After the break-in, but before my last encounter with Tony, I went and told Philip Pearson what had happened. Philip Pearson did absolutely nothing about it, he was very ineffectual. I was quite disappointed about this. I think that Philip Pearson did not give the support that he should have given and was not really forthcoming with any real encouragement.


Resignation

A few days after the final encounter with Tony, I resigned from McDonalds for the following reasons:-

I was being given all the worst jobs. I think that the Management really hated me. I didn't exactly go out of my way to please them. I answered back continuously. I was impolite whilst on the till. I refused to smile continuously at customers when told to do so. I did these things just to spite all the Managers and the five star the most, even more so than Management. The five star yellow-badges had an awful lot of power. I disliked them for their own stupidity; they were treated like dirt by Management and for lousy wages as well. They got absolutely nothing out of it and yet they managed to treat the people below them as badly as they were treated themselves. I think that these people were just on an ego trip and I bad no respect for them whatsoever. I made sure that I did not approach these people when I was trying to recruit for the Union. These people would have reported straight to Management. The people I wanted to enrol were the very people that the five star yellow-badges were kicking around.

Another matter which did not help was that I was thoroughly fed up with working on a Saturday night.

I felt that I was working so many hours and getting so little pay. I was convinced that I was being cheated and not being paid for all the hours that I worked. My average weekly pay was approximately 25.00 maximum. The most I ever got paid in any one week was 35.00. For this I was doing 15 - 20 hours of very hard, physical, sweaty work. I once followed up the fact that my wages appeared to be far too low and did not seem to correspond with the number of hours I believed I had worked. They showed me my clock cards in order to substantiate the amount that they had paid me and these appeared to tally. However, I still did not believe them.

I actually felt quite guilty when I left McDonalds because I felt that I should have seen the Union enrolment through to the end. However, my personal problems were very pressing at the time and I just did not feel that I could stay. I handed on the Union material to another employee who said that he would see the Union work through to the end, but I don't know if he did, I am no longer in touch with that person. I so much wanted to see the Union issue through to the end, that I even considered joining the McDonalds in Manchester just to start a Union.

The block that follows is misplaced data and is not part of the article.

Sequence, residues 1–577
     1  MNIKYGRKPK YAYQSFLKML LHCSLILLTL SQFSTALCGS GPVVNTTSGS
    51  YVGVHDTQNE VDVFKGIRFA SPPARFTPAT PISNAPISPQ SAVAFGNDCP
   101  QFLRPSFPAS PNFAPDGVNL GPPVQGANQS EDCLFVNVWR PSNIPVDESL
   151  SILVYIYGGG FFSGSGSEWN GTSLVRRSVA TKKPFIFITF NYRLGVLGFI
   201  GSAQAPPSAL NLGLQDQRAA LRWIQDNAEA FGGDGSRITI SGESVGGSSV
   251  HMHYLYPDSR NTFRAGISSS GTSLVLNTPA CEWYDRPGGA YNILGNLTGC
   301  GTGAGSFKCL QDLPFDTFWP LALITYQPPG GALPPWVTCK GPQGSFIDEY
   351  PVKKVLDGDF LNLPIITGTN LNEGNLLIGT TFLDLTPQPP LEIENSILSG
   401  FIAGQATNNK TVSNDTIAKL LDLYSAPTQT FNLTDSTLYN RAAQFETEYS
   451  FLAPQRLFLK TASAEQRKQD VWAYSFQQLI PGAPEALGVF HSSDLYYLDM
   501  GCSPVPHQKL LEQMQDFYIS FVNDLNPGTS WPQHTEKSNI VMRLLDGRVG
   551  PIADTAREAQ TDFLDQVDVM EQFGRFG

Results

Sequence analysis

Anti Union Management

So far as am aware, there is only one McDonalds store in the entire Britist Isles that is unionised; this is the store in Dublin. Otherwise, McDonalds is totally un-unionised. I regularly heard it said by other crew members that if anybody starts a union, "they will get rid of you".

Whilst working at Seven Sisters, I heard a rumour regarding a store which was completely shut down by Management because the crew formed a union. Several employees at Seven Sister's Road had cited this story when I was trying to recruit members for the TGWU. The story was used as the basis for saying "they will sack us all if they find out".


Dismissals

So far as I was aware, there were no regular dismissals from my store. People were sometimes suspended, however. for reasons such as "answering back to Management". I was once suspended because I took a left-over hamburger home after the store had closed, without asking permission. In my store, staff were allowed to take home food that was left over when the store closed, if they asked permission. Permission was never refused, On the occasion when. I was suspended, I did not ask and was suspended for 24 hours. (It is interesting to note that I have seen stated by McDonalds own literature, I believe in the crew handbook, that staff are not allowed to take food home at the end of the day - it must be thrown out.)


Burns

Everyone who worked at the Seven sisters store had burns at one time or another. I remember noticing one black girl in particular who had the most terrible burn down the inside of her arm. The burn looked absolutely horrific, partly because she was black and therefore the raw pink colour of burn burn looked all the more unpleasant.
She was one of the people I approached with regard to joining the Union. I explained to her at the time that if she was a member of the Union, the Union could have made representations on her behalf to ensure that she was properly treated after the accident occurred and also to ensure that such accidents did not occur in thefuture. The girl was very interested in joining the Union.